Ray Price, star of the 1950s honky tonk music boom, has passed away from pancreatic cancer, a family spokesperson has confirmed.
As one of country music’s early stars, Price helped transition the genre from hillbilly and cowboy music to the more danceable honky tonk variety, and set the stage for the rockabilly and outlaw country waves to come in the ’60s and ’70s. His band, the Cherokee Cowboys, included (at one time or another) future stars Roger Miller, Willie Nelson, Buddy Emmons, and Johnny Paycheck. Price had a number of hit singles in the ’50s and through the ’60s (when he transitioned to the more commercial “Nashville sound”), and was the first artist to have a hit with “Release Me” (later a worldwide smash for Engelbert Humperdinck).
Price continued to tour and perform until his illness in 2012, releasing Last of the Breed, with Nelson and Merle Haggard, in 2007.
Enjoy some classic honky tonk and bid farewell to Ray Price.
Sure, there was some kind of election or something last week”at least we think that’s what we heard coming out of the mouths of the TV pundits. Honestly, we kind of stopped paying attention after a while, at least until the news broke about a truly earth-shattering political breakthrough. While the rest of the world was focused on whichever one of those guys with the suits and ties walked away with the prize, we were captivated by a revolutionary piece of legislation that proved to be election night’s biggest surprise: the legalization of recreational marijuana use in Washington and Colorado. While this monumental move has been the dream of stoners all over America for decades, it must be assumed that the passing of what we like to call The Bong Bill will be most widely celebrated in the realm of rock ‘n’ roll. To commemorate the dawning of a new era for uncontrolled substances, let’s look back at some of rock’s most notorious stoners, who are sure to be holding their lighters aloft in honor of these epochal developments.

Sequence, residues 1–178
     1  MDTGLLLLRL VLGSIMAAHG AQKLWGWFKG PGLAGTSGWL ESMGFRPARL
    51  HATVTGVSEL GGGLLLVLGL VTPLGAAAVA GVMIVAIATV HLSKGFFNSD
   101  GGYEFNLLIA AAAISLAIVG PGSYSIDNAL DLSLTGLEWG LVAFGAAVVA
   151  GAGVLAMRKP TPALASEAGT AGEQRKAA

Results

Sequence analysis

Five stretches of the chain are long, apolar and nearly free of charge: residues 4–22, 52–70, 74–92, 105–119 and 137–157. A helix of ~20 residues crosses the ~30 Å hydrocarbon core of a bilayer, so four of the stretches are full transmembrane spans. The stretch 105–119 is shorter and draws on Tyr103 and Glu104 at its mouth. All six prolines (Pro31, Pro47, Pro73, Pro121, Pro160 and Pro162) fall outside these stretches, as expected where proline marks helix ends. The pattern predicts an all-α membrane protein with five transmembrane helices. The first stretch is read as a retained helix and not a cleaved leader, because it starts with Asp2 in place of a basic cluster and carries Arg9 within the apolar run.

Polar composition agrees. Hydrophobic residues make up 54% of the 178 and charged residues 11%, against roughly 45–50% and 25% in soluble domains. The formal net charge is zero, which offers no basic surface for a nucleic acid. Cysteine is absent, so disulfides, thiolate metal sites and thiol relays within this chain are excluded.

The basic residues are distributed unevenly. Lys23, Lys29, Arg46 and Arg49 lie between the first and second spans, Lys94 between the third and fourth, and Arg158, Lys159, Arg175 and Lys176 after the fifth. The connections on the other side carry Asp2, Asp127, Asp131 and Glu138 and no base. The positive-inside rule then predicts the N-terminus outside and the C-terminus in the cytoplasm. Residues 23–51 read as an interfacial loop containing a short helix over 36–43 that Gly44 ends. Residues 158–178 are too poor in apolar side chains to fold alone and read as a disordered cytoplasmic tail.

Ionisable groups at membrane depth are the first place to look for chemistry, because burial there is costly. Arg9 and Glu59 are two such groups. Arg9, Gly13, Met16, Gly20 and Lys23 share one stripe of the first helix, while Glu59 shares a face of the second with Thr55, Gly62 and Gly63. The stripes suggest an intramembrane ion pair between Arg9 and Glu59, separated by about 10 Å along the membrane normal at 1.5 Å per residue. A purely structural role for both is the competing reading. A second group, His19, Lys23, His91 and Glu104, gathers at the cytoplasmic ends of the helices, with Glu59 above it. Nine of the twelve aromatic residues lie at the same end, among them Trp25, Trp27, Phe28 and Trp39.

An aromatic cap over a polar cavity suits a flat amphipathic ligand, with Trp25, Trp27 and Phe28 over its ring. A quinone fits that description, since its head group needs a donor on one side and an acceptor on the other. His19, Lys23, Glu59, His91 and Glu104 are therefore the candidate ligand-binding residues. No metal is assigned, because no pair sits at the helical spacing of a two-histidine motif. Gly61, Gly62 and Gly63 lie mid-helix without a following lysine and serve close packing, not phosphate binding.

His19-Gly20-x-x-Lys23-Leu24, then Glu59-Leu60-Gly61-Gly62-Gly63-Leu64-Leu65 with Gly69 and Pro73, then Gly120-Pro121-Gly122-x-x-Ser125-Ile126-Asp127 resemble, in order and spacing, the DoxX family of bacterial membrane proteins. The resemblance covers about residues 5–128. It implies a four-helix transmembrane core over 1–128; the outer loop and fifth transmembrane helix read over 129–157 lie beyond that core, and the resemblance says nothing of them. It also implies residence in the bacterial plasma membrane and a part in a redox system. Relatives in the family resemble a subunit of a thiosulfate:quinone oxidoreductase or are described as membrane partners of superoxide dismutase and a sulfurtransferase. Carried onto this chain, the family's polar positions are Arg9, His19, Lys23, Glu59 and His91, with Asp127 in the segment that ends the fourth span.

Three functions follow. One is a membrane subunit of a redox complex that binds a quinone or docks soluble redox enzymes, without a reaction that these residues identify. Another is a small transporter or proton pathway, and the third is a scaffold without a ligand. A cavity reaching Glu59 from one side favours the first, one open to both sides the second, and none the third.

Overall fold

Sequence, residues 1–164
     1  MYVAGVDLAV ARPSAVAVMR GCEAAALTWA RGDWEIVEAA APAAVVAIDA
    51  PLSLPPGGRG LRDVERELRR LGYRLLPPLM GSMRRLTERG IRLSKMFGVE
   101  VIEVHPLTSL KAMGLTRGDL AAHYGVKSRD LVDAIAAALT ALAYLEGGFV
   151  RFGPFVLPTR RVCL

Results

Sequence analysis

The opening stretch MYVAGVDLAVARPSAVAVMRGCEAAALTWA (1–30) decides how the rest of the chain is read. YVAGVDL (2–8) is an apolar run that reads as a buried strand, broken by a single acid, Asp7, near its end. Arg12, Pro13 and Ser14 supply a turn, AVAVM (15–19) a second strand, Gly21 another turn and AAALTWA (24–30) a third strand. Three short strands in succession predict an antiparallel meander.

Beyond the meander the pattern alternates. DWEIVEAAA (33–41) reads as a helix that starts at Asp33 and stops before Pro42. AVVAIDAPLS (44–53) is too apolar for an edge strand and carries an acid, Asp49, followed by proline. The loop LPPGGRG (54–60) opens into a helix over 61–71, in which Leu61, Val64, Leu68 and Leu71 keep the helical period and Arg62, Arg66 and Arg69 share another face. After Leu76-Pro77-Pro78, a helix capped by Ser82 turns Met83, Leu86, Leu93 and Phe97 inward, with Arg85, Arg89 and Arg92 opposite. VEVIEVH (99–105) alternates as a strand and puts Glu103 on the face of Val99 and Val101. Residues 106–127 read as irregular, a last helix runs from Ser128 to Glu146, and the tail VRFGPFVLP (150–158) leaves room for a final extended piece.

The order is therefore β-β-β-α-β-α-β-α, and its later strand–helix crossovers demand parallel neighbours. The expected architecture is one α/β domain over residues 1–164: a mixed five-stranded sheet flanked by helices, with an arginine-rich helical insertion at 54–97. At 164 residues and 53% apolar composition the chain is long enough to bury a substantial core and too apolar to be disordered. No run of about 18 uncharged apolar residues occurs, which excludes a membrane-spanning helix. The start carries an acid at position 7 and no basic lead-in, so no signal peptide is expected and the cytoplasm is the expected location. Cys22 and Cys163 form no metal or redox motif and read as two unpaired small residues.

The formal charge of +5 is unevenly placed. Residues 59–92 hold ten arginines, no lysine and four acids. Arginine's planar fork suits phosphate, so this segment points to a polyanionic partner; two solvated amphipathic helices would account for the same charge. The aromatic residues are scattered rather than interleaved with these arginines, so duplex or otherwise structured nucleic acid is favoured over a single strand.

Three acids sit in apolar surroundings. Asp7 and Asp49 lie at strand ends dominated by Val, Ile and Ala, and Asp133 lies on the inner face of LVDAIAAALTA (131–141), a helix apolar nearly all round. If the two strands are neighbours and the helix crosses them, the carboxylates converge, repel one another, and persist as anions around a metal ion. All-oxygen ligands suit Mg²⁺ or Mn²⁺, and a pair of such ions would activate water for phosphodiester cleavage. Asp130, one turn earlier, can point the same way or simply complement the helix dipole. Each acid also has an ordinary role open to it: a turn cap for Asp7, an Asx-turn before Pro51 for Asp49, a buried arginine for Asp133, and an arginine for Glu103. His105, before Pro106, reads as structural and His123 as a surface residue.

Just for starters, one of their earliest albums introduced the much-covered metal marijuana anthem Sweet Leaf. But beyond that musical love letter to THC, Ozzy Osbourne is one of rock’s most titanic tokers, to the point that he ultimately changed his stance on legalization in recognition of the damage drugs had done to his neurological system. Granted, we’re talking about a lot more than merely pot in Ozzy’s case, but nevertheless, Sabbath are still stoner-rock (more…)
Life is full of surprises, and sometimes, so is pop music. In recent weeks, it’s recovered its long-dormant ability to shock, or at least catch us off guard with the unlikely hit, or the unexpected comeback.
Several months ago, I never dreamed I would ever ask the question that is the title of this article. It had been more than twenty-five years since Lionel Richie’s commercial heyday, and on the charts, he had been succeeded by younger romantic leads in pop and R&B many times over (Babyface, Usher, Ne-Yo, among others).
Then came one of those surprise developments seldom seen in pop anymore: On Billboard magazine’s Top 200 album chart for the week following the March 26 release of Tuskegee, Richie’s first studio album since 2009’s Just Go (which didn’t make the US Top 20 and failed to go gold), he debuted at No. 2 with first-week sales of 199,000 copies, right behind Madonna’s latest, MDNA.
Worley’s first album in two years, One Time Around, is slated for June release, the same month he’ll host the three-day BamaJam music extravaganza, and that’s just for starters.
The man behind more than twenty charted hit singles including A Good Day to Run, I Miss My Friend, Have you Forgotten and more took some time from his busy schedule to talk to OurStage about his latest single, his new album and more.
OS: We’ve missed you! Where have you been?
DW: I took a little time off. I have still been touring but I put the whole routine of grinding out one album after another on hold for a while. I have a little four-year-old daughter and I needed to eliminate something from my busy schedule to be a better dad. We toured pretty heavily last year and had a good year, but we’ve been off the radio for almost two years now. I got back in the mood to work on music. I made my own record on my own dime. I had no problem putting a deal together…with complete funding from outside sources.
We have a real determined team of people together that are excited to make this thing work and we’re having a blast working it. Watching it start to grow is a hoot. It’s your baby and people out there are very receptive.